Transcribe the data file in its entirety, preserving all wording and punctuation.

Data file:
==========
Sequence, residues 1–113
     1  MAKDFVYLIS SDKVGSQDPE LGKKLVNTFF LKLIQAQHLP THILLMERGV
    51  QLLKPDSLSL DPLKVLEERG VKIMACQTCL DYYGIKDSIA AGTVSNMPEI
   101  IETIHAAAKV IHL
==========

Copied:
Sequence, residues 1–113
     1  MAKDFVYLIS SDKVGSQDPE LGKKLVNTFF LKLIQAQHLP THILLMERGV
    51  QLLKPDSLSL DPLKVLEERG VKIMACQTCL DYYGIKDSIA AGTVSNMPEI
   101  IETIHAAAKV IHL